3. Advising and mentoring

Institutions are enhancing their international advising and mentoring programs to assist with academic struggles and other challenges. Peer mentors at IUPUI, for instance, work in teams of three to advise groups of 10 international students each. The mentors come from all different countries and degree programs, says Lemons, of the school’s international affairs office.

“The mentors are supporting new students throughout their entire first year, in terms of their academic, social and cultural adjustments,” says Lemons. The program puts a special focus on getting international students involved in leadership positions in campus organizations, she adds.

At Texas Tech University, private counseling for international students is a high priority, says Tracy Tindle, the international community coordinator. Texas Tech has about 1,800 international students from 114 countries, out of a total enrollment of 33,000.

“Many cultures stigmatize counseling to a high degree,” he says. “Whenever we say that it’s a confidential service, we have to reiterate that in a number of ways so the students know that we’re serious—that, in this culture, whatever you say is confidential.”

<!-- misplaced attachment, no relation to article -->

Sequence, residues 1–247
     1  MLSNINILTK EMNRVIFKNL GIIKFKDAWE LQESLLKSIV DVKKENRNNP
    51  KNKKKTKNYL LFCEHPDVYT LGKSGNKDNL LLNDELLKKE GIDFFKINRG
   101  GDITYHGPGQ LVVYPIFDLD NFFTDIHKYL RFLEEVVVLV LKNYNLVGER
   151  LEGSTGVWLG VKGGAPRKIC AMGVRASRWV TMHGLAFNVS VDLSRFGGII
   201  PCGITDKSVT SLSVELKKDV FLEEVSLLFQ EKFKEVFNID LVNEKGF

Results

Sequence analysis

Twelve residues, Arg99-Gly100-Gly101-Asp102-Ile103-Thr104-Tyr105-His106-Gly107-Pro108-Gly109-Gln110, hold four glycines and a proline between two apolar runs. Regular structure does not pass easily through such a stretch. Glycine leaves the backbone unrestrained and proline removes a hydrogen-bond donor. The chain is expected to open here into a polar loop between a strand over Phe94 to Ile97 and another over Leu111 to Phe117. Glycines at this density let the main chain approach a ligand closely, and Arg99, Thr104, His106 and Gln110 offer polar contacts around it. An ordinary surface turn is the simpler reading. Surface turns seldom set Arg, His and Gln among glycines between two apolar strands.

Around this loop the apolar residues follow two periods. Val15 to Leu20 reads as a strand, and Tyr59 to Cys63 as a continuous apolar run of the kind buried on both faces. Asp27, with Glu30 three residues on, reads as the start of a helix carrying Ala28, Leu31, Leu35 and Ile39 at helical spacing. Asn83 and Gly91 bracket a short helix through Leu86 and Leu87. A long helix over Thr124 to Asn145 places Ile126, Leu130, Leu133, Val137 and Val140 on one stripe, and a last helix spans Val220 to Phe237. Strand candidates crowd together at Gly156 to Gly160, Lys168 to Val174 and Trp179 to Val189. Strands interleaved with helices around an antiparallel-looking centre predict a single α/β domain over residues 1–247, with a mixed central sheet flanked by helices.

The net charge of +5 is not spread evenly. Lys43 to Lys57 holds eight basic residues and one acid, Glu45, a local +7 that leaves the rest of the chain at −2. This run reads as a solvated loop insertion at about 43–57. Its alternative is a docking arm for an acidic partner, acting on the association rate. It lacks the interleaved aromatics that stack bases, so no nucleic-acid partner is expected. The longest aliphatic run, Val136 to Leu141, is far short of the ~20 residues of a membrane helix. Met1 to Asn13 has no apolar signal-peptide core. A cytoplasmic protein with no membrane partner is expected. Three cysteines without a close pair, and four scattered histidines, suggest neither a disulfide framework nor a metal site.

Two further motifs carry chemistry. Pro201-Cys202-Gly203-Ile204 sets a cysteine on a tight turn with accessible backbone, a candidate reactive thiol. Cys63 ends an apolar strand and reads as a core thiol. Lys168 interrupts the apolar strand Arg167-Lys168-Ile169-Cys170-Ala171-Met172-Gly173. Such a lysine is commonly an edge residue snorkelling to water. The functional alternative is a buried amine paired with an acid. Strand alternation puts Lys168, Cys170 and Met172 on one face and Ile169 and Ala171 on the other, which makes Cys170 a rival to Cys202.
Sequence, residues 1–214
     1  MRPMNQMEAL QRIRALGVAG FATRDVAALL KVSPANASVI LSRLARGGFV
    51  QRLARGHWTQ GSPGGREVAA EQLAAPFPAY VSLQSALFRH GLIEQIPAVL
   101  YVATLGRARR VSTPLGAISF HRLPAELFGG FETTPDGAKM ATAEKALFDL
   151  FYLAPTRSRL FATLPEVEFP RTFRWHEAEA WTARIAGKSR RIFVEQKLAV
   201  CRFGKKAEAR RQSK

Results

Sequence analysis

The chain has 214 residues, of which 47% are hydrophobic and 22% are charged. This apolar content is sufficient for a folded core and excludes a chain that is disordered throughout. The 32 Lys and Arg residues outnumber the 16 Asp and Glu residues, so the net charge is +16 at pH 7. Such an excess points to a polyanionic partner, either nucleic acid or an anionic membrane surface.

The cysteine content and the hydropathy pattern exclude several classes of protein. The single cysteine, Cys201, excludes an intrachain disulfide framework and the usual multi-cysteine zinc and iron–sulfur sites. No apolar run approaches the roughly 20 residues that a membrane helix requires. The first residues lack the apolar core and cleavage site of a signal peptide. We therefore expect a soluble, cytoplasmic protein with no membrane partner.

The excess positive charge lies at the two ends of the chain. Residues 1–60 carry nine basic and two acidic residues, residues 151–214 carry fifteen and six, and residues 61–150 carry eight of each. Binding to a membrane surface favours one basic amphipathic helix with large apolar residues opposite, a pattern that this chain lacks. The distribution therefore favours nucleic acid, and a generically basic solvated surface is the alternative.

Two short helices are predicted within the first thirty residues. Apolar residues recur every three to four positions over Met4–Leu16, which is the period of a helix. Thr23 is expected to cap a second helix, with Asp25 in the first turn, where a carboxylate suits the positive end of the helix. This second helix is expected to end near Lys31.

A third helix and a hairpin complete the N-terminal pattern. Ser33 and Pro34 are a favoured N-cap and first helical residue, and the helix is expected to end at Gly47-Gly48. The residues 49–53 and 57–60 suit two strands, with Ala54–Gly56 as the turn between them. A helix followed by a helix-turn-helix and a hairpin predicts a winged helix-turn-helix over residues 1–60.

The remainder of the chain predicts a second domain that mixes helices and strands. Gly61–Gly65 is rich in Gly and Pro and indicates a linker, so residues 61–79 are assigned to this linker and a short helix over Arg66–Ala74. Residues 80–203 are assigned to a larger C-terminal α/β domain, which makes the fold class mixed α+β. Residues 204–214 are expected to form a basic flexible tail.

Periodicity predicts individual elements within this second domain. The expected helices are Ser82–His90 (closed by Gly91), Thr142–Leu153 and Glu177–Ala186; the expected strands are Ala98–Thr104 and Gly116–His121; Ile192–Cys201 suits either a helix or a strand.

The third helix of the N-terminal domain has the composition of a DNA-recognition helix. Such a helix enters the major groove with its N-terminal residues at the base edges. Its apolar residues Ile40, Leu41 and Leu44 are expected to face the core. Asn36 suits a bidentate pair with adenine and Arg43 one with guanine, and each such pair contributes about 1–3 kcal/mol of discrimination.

Edwards, at Grinnell, says international students who often consider themselves adventurous are shocked to find they are homesick after a few months in the U.S. Advisors help students stay connected to home by encouraging them to visit local schools to talk about their culture. And in Grinnell’s alternative language program—which combines self-instruction and peer tutoring— internationals have even taught for-credit classes in their native tongues that aren’t in the school’s regular curriculum.

“Our most successful international students are able to manage this idea that they’ve got an identity of, for example, a woman from Zimbabwe but they also have the identity of a student at Grinnell College,” she says, “and find joy in both.”

4. Campus life